Lawmakers consider splitting corporate, individual tax reform

Lawmakers suggested Friday that corporate tax reform could potentially move forward regardless of the fate of a comprehensive tax overhaul, so long as businesses are on board.

Democratic Rep. Jared Polis of Colorado said at the Politico Pro Technology Deep Dive Friday morning that corporate and individual tax reform will have to be separated “if they want to see it go all the way through.”

Polis, a former small-business owner, expressed concern that there will be difficulty among lawmakers over which loopholes to close. Corporate income tax, however, has bipartisan support.

Republican Rep. Aaron Shock of Illinois, a member of the House Ways and Means Committee, agreed, though he noted the caveat that small businesses will also need to get some kind of overhaul.

“Ways and Means Chairman Dave Camp and most Republicans on the panel are adamantly opposed to separating the two,” Politico reports.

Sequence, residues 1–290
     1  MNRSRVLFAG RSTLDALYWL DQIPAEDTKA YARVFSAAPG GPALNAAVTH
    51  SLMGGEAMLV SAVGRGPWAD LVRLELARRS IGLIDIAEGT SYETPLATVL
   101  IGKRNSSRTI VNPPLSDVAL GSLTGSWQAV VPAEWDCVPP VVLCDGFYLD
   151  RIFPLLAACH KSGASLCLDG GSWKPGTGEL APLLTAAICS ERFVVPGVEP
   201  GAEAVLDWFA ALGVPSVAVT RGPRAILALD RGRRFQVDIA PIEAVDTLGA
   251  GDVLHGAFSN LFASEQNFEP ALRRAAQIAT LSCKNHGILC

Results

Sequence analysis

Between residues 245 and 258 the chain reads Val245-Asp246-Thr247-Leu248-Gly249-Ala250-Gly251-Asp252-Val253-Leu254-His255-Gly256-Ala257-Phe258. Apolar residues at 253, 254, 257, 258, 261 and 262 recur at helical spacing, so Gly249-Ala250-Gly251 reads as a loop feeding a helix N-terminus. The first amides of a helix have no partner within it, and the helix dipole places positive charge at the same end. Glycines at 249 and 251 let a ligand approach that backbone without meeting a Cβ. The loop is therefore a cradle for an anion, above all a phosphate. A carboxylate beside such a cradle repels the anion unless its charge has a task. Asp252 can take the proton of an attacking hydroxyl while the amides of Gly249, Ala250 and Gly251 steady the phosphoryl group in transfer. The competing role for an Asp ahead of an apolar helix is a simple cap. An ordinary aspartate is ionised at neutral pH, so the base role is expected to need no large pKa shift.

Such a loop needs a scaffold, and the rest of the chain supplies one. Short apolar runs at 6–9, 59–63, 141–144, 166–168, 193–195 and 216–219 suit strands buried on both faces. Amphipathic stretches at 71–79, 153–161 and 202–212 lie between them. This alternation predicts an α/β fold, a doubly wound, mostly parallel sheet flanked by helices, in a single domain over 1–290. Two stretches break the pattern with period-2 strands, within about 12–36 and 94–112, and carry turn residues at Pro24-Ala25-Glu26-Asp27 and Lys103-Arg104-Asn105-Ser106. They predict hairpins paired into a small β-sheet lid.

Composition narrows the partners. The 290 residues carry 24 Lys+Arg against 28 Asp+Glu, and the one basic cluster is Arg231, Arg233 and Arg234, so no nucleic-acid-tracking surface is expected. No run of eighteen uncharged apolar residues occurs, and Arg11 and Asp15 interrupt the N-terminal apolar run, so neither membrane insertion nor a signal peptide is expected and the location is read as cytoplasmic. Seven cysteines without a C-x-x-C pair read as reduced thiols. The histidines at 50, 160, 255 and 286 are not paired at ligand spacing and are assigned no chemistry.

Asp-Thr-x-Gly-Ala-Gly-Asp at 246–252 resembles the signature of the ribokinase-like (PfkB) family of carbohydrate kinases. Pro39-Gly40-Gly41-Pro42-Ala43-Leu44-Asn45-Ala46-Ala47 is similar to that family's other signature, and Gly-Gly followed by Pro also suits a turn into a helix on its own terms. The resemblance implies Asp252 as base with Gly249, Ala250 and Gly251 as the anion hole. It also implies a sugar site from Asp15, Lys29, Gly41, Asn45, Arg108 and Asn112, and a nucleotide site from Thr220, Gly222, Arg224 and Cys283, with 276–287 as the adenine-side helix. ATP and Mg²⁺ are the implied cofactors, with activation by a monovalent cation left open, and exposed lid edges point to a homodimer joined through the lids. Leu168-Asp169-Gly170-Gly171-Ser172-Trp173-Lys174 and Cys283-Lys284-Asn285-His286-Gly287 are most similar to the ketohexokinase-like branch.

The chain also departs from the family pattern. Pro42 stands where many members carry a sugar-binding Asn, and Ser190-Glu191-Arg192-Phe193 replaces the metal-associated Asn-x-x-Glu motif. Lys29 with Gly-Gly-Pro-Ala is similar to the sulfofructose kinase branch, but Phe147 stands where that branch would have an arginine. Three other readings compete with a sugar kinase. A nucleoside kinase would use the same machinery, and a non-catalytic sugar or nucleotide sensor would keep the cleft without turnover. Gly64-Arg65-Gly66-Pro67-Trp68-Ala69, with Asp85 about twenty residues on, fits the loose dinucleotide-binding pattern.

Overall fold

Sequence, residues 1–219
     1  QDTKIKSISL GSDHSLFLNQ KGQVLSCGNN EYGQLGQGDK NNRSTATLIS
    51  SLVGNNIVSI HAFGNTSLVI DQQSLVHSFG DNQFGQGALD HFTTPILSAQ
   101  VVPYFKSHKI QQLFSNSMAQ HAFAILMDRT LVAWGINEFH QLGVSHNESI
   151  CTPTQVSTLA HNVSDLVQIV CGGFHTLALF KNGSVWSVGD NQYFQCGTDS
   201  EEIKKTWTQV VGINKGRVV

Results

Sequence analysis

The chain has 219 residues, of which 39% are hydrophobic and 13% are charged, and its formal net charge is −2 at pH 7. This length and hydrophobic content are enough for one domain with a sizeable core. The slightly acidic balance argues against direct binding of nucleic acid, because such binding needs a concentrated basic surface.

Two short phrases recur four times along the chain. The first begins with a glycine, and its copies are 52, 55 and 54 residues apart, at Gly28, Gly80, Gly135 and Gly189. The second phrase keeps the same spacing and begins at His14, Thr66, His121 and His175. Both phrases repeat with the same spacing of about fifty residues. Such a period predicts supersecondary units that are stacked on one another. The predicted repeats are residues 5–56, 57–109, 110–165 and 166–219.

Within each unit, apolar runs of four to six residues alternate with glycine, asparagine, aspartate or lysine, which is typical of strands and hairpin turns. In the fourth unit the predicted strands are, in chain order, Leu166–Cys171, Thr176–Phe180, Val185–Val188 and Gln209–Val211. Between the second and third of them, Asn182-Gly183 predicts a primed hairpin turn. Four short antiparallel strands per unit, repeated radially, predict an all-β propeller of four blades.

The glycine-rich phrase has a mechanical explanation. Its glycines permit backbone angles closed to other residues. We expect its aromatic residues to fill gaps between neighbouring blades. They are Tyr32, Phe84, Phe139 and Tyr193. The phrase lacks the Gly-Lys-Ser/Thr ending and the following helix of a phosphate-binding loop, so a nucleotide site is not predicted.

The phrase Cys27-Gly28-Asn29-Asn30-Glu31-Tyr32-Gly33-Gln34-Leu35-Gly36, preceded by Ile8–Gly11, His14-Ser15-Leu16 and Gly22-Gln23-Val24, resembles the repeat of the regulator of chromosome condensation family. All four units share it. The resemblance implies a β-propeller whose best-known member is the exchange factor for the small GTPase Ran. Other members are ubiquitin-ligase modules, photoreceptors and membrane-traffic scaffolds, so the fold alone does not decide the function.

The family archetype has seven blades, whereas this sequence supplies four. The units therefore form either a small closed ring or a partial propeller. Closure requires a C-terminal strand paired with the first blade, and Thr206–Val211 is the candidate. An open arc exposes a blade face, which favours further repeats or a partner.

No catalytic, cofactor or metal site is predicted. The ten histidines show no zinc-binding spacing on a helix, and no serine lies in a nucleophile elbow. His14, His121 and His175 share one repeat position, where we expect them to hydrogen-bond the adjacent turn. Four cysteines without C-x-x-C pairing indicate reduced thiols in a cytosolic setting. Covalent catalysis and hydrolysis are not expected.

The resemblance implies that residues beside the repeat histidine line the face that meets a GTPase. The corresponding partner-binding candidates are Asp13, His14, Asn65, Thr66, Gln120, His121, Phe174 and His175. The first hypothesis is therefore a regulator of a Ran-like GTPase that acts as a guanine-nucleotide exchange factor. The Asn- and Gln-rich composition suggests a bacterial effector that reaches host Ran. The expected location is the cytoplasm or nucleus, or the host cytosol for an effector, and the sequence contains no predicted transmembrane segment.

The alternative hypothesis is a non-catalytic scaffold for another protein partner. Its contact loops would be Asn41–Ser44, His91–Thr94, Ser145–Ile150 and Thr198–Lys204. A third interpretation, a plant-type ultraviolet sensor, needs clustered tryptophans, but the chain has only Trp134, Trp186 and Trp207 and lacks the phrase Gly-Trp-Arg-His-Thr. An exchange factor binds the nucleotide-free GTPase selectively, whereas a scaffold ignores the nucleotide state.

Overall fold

Under the current tax regime, small businesses file taxes under the individual code, with the top rate pegged at 39.6 percent. Meanwhile, corporations pay a 35 percent rate. Not addressing the small business tax would be unfair, lawmakers say.

The United States currently has the highest corporate income tax of the developed world, 35 percent. The average for similar countries, members of the Organisation for Economic Co-operation and Development (OECD), in 25 percent.

According to some studies, bringing down the corporate income tax rate could in effect pay for itself, as more corporations would repatriate their money allowing the government to collect more in taxes.

While the Ways and Means Committee is intent upon overhauling the tax code in one fell swoop, Schock explained that the committee could move forward with proposals together.

“To the degree you can find a way to tax the entities and C-corps within the same tax code, you could do corporate reform separate from the individual reform,” Schock said.

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